Drivers in Chicago are aware that there is a ban on using cell phones while operating a vehicle and now that could extend to anyone operating a bicycle. If House Bill 3849 gets approved by state lawmakers police officers across Illinois will be able to hand out tickets to anyone caught either talking or texting on their mobile device while riding a bicycle. “This addresses beyond the road, this addresses the bike path as well,” Said Representative Kelly Cassidy of Chicago. Cassidy also says this bill is the result of bicycle safety groups calling for such a law. This law would be similar to the law already enforced on Illinois motorists. There was a 5-4 vote on Wednesday, February 8th where the House Transportation Committee endorsed the texting while biking ban with a goal of reducing accidents. If you or a loved one has been involved in a bicycle accident contact expert attorneys Zneimer & Zneimer p.c. for a free personal injury consultation.
The Bill needs to be approved by the full House, the Senate, and signed by the governor to go into effect. The bill will allow bicyclists to use hands-free devices while biking. With this Bill bicyclists can easily avoid a ticket if they pull over on the side of the road or path to text or make a phone call. Opposition to this law claims there are already enough laws. It seems that even with laws already in place car accidents and bicycle accidents still occur.
Victims of bicycle accidents should know their rights. Texting impairs motorist’s ability to focus on the road and can also have the same effect on bicyclists. When motorists and bicyclists take the necessary precautions and avoid distractions such as mobile devices, while operating either a vehicle or a bicycle, accidents can be avoided.
Earlier this week Governor Pat Quinn signed a bill allowing the City of Chicago to use cameras to catch speeding drivers near schools. The bill known as S.B. 965 will go into effect on July 1 and allows speed enforcement cameras within 1/8 of a mile, or one city block, around schools and parks between 6 a.m. and 10 p.m. each weekday. The speed enforcement cameras are to be used within 1/8 of a mile around parks from one hour before the parks open to one hour after they close, which means cameras will be shut off only between the hours of midnight and 5 a.m. It also allows using existing red light cameras and mobile cameras to catch speeders within 1/8 of a mile of schools and parks in Chicago.
The Expired Meter website issued a Freedom of Information request on all calls, emails and letters from the public to the governor’s office to learn about the response to the legislation. So far it has been negative; of the 224 calls, letters, and emails about the speed camera bill, an overwhelming 91 percent were opposed to it. Governor Quinn’s response was, “You may get letters, perhaps emails. You know, you study each communication, but… I’m not sure that’s a scientific sampling of all the people of Illinois, I think there are some people who are for the bill and some aren’t for it and, you know, that happens in a lot of situations.”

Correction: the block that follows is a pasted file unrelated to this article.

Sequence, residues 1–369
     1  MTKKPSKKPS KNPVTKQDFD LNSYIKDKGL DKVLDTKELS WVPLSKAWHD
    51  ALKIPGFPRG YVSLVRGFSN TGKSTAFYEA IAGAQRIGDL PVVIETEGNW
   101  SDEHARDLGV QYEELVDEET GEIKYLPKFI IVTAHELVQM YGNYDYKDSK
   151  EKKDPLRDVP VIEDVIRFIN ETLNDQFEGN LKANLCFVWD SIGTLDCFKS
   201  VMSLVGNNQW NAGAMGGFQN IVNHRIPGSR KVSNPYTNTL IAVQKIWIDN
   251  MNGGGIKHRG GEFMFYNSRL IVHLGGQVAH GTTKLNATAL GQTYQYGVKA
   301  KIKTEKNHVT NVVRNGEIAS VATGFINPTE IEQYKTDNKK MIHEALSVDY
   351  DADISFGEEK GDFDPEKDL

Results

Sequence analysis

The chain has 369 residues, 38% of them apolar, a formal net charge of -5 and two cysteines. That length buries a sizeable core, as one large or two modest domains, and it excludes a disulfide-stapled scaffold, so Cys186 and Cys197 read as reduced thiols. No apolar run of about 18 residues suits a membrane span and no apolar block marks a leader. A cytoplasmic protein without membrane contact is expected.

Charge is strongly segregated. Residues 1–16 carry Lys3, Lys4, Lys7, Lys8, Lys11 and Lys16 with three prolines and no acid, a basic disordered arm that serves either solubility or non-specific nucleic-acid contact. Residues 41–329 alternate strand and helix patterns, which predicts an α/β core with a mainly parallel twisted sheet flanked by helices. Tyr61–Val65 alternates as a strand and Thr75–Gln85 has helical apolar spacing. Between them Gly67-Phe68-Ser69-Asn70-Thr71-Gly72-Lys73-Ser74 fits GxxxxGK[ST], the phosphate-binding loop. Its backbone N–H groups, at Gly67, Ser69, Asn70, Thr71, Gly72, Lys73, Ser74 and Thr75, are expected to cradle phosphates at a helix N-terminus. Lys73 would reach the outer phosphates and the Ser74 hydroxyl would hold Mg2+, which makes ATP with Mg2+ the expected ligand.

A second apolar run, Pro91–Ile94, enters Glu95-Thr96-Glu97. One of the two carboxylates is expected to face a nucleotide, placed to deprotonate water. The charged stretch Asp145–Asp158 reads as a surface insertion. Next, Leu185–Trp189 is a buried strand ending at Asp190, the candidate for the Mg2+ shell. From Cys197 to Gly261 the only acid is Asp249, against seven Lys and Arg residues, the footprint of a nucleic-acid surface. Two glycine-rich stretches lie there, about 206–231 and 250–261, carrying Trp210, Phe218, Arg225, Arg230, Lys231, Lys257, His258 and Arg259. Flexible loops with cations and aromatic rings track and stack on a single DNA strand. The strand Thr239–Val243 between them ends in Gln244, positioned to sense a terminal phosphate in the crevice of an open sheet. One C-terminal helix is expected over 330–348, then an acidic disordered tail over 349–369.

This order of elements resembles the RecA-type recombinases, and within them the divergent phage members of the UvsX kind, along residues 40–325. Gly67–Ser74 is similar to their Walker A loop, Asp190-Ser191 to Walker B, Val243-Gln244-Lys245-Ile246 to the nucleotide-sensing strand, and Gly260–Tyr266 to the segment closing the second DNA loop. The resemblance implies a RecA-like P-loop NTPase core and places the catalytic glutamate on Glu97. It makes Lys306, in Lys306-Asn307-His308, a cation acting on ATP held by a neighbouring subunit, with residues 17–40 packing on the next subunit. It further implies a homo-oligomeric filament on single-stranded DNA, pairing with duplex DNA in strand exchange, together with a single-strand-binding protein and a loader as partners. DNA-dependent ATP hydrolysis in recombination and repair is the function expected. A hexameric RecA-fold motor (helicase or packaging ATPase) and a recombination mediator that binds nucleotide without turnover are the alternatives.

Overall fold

Mayor Rahm Emanuel released a statement on Monday morning thanking Quinn.
A Chicago man who crashed into a parked car in the Wicker Park neighborhood on March 21 died today. Vito Battista was critically injured at 6:00 am when he lost control of his motorcycle and crashed into a parked car near 1400 North Western Avenue in Chicago. Medical examiner’s spokesman said that Mr. Battista suffered massive head injuries.
Illinois reported 110 fatal motorcycle accidents in nine months in 2008 and 113 in 2009. A high percentage of these fatalities occurred in Chicago and the surrounding suburbs. The National Highway Traffic Safety Administration (NHTSA) statistics suggest three ways that will reduce motorcycle crashes, injuries and fatalities.
Increase helmet use:Helmets are 37% effective in preventing fatal injuries to motorcycle riders and 41% effective for passengers (NHTSA 2009) In 2008, 41% of motorcycle rider fatalities and 51% of motorcycle passenger fatalities were of riders and passengers who were not wearing a helmet. NHTSA estimates that 823 of these motorcyclists would have lived if they wore a helmet.
Reduce alcohol impairment In 2008, 30% of fatally injured motorcyclists had a blood alcohol concentration above the legal limit of .08 (NHTSA, 2009)
In a consolidated case that involved six drivers that drove cars that were insured by Founders Insurance or Safeway Insurance, the issue was whether Founders and Safeway should pay for injuries caused by a driver that drove the car without a license. Founders and Safeway argued that they did not have to pay because their policy excluded drivers who do not have a drivers license. Five of the drivers had no license, while the sixth driver had a suspended license.
The Founders insurance policy had several exclusions to its liability coverage. One of the exclusion stated that coverage does not apply “to bodily injury or property damage arising out of the use by any person of a vehicle without a reasonable belief that the person is entitled to do so.” Founders argued that a person without a drivers license or a person with a suspended drivers license cannot have a reasonable belief that they are entitled to use the vehicle.
The Safeway insurance policy had a similar exclusion. The policy excluded any person “operating an automobile without a reasonable belief that he or she is entitled to do so.”